An audio sampling rate is the frequency at which an audio signal has been captured. You can think of it like the frame rate in movies, capturing a series of photographs from which a seemingly smooth film can be generated. The sampling rate for CDs is 44.1kHz (that’s 44,100 samples per second between you and me), but other sampling rates exist 48kHz, 96Kz, 192Khz etc. It’s a contentious issue – beyond the scope of this wee post – about how high is high enough and why that may be the case but it is vital to ensure that whatever rate an audio file is recorded at, that’s the rate that it should be played back (unless you want the speed and pitch of the original recording to change of course). Essentially its like a record player and a record. A record may have been produced at 33rpm, and to ensure you hear the intended pitch and speed the record player has to spin at the same speed. Simple.
So what happens if we spin a record (or playback a digital audio file) at a higher rate than it was recorded? Well it’s pitch becomes higher and its speed increases. Play back at a slower rate and its lower in pitch and, well, slower.
What’s more, if we play a file (or record) at twice its intended rate (a 44.1kHz file at 88.2kHz), its duration is halved (of course) and its pitch goes up an octave. In contrast, a file played back at half of its recorded rate drops an octave (you can hear this used musically in loop pedals).
An octave (derived from halving or doubling a frequency) has a kind of musical equivalence. (It’s called the Law of Octave Equivalence no less), but what of other frequency relationships? Here things get a bit complicated. Our experience of pitch is logarithmic, so that the multiplication of a frequency produces a particular musical interval. Double a frequency it goes up an octave, halve it it goes down an octave, multiply by ≈1.059463 and the pitch goes up one (equal-tempered) semitone. This catchy number is actually the 12th root of 2, which makes sense if you think about it. Multiply it by itself 12 times and it reaches 2, because there are 12 ‘equal’ jumps between in each octave in the 12-tone equal-tempered system.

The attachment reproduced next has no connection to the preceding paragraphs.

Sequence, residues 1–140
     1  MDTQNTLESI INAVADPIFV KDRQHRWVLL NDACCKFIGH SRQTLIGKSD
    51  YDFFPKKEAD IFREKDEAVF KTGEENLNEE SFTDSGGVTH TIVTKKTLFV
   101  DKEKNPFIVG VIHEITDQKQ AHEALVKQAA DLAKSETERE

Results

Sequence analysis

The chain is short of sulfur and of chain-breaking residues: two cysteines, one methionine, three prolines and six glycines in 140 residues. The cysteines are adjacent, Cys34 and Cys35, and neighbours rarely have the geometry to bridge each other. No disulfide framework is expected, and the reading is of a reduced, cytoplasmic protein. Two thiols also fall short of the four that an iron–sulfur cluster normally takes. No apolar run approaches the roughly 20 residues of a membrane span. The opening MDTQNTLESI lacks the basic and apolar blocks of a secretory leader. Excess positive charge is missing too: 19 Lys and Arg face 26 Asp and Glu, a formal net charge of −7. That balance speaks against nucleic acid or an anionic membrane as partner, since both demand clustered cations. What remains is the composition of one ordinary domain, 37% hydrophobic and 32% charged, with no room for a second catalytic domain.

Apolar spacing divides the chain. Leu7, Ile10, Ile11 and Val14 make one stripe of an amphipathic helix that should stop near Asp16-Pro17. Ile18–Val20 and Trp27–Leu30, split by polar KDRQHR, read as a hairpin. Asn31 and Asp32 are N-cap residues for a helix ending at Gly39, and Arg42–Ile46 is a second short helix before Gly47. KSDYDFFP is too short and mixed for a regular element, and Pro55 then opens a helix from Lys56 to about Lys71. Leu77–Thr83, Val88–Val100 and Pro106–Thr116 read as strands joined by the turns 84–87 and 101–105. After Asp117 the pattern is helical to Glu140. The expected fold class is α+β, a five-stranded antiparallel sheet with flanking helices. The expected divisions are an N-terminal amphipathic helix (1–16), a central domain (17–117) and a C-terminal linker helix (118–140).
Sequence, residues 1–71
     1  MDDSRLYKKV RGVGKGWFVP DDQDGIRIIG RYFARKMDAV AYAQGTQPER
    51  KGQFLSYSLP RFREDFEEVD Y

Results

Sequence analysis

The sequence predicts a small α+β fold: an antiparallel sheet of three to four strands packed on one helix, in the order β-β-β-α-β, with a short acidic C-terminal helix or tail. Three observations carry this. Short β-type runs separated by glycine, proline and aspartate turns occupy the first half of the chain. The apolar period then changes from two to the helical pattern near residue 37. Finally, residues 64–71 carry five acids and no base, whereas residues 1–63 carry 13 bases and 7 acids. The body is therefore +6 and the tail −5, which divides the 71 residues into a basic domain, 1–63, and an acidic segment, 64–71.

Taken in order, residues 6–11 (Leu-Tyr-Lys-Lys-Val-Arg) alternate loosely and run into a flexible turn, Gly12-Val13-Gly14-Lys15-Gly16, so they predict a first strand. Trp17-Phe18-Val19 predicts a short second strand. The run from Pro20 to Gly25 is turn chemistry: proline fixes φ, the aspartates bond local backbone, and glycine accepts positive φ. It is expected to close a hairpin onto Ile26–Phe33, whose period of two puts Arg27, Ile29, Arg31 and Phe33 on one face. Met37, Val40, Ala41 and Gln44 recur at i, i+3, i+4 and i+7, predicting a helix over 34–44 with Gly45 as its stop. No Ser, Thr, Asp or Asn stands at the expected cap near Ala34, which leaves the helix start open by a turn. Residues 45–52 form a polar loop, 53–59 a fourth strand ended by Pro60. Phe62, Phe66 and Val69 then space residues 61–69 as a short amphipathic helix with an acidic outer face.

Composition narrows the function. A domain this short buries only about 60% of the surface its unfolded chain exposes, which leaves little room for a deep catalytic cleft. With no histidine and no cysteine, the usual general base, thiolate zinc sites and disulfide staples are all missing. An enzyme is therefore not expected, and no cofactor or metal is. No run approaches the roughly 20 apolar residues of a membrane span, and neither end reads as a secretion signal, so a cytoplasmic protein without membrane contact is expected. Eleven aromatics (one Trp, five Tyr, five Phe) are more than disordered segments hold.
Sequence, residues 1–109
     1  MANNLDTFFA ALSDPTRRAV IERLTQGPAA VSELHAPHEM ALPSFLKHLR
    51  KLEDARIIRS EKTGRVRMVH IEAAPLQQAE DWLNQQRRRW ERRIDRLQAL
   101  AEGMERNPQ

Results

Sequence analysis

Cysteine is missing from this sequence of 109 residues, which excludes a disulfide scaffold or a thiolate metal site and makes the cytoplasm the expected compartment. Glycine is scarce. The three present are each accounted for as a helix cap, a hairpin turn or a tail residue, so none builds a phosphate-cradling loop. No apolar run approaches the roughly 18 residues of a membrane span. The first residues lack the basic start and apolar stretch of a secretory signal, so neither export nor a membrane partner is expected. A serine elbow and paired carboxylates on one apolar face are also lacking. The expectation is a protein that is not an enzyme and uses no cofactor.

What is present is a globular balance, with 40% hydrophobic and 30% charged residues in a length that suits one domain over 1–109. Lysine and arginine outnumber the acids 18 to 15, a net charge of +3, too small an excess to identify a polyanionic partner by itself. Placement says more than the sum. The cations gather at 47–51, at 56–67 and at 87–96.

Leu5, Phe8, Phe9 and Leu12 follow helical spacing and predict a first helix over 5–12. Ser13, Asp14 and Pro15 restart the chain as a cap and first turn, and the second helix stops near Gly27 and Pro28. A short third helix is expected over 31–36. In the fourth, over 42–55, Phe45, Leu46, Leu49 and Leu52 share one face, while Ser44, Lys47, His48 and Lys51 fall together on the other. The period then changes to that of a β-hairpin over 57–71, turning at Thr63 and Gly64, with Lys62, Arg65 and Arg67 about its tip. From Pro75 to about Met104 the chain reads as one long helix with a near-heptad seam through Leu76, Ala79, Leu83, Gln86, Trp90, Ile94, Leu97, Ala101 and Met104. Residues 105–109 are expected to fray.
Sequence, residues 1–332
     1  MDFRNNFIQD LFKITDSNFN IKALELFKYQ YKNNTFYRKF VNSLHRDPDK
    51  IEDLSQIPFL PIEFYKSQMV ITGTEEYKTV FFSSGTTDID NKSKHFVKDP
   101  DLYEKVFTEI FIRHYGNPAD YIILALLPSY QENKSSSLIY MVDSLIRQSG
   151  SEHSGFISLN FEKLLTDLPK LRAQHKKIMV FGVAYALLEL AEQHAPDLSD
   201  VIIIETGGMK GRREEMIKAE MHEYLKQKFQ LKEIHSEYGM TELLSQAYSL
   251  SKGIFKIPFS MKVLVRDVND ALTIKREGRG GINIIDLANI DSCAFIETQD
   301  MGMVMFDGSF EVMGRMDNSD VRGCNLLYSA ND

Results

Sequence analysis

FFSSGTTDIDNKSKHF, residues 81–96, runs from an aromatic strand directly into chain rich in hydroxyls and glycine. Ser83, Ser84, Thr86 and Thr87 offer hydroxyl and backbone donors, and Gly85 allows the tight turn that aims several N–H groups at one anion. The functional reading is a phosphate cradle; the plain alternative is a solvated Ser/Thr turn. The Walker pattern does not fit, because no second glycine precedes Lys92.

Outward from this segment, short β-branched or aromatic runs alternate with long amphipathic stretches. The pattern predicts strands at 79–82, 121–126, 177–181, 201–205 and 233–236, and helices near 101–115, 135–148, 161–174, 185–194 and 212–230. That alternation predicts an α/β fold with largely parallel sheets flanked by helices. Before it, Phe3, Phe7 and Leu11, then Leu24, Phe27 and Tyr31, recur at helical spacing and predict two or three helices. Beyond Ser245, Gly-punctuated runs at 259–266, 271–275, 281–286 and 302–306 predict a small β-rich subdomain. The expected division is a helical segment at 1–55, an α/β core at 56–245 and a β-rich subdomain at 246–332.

To help us understand this, let’s imagine an octave as a physical vertical object, then we can slice it into a number of equal slices (say a tower block with a number of equal storeys). Again, I say ‘equal’ because each slice is the same musical interval but that in fact means that it is the same multiplication every time (that’s the whole logarithmic thing). The convention is to divide the octave into 1200 cents. Why are they called cents if there are 1200 of them? It makes no cents HAHA – well because often the octave is divided in 12 big slices (known as semitones or half steps) and each of them has 100 cents. So 100 cents is a semitone (in the US half-step), 200 cents is a tone (whole-step), 700 cents is a perfect 5th and so on.
So how can we calculate the resulting musical interval from a dispcrepancy in sampling rates?
We use this equation.
cents = 1200 × log2 (f2 / f1)
So, imagine an audio file was recorded at 44.1kHz (f1) and played back at 48kHz (f2), the cents difference would be
1200 × log2 (48000 / 44100)
This comes to ≈146.7 cents, which is just shy of one and a half semitones. A no-person’s land in most musical situations, and if you were trying to play along on the guitar you could go up one fret (one semitone) and still be a quarter tone flat, but 2 frets would be over a quarter tone sharp. Most ears forgive a few cents here and there, and a keen musician can bend into a few cents more but a 46.7 (or 53.2) cent differential is about as cold sweat nightmare of a musical situation imaginable. A bass player would face the same problems, and a keyboardist would have to resort to Herbie Hancock style pitch bends, or embark on a desperate hunt for the operating manual to readjust the tuning reference. Failing that they could run away at just the right speed to allow the doppler effect to drop the pitch.
Would you like to know what it sounds and feels like? Just ask Van Halen and their audience, who suffered this exact ordeal when a backing track (or keyboard triggered sample) recorded at 44.1kHz played back at 48kHz during a live performance of ‘Jump’ – not the most obscure of their tunes. Eddie desperately tries to adjust by shifting frets but is cursed by the mathematics.
Funny or painful, you decide. The jump that EVH desperately offers at 2:02 is fraught with all the tragedy of the human condition. But at the very least, this remains an important lesson in the importance of sampling rates, logarithmic scales and their relation to musical intervals. Thanks Van Halen!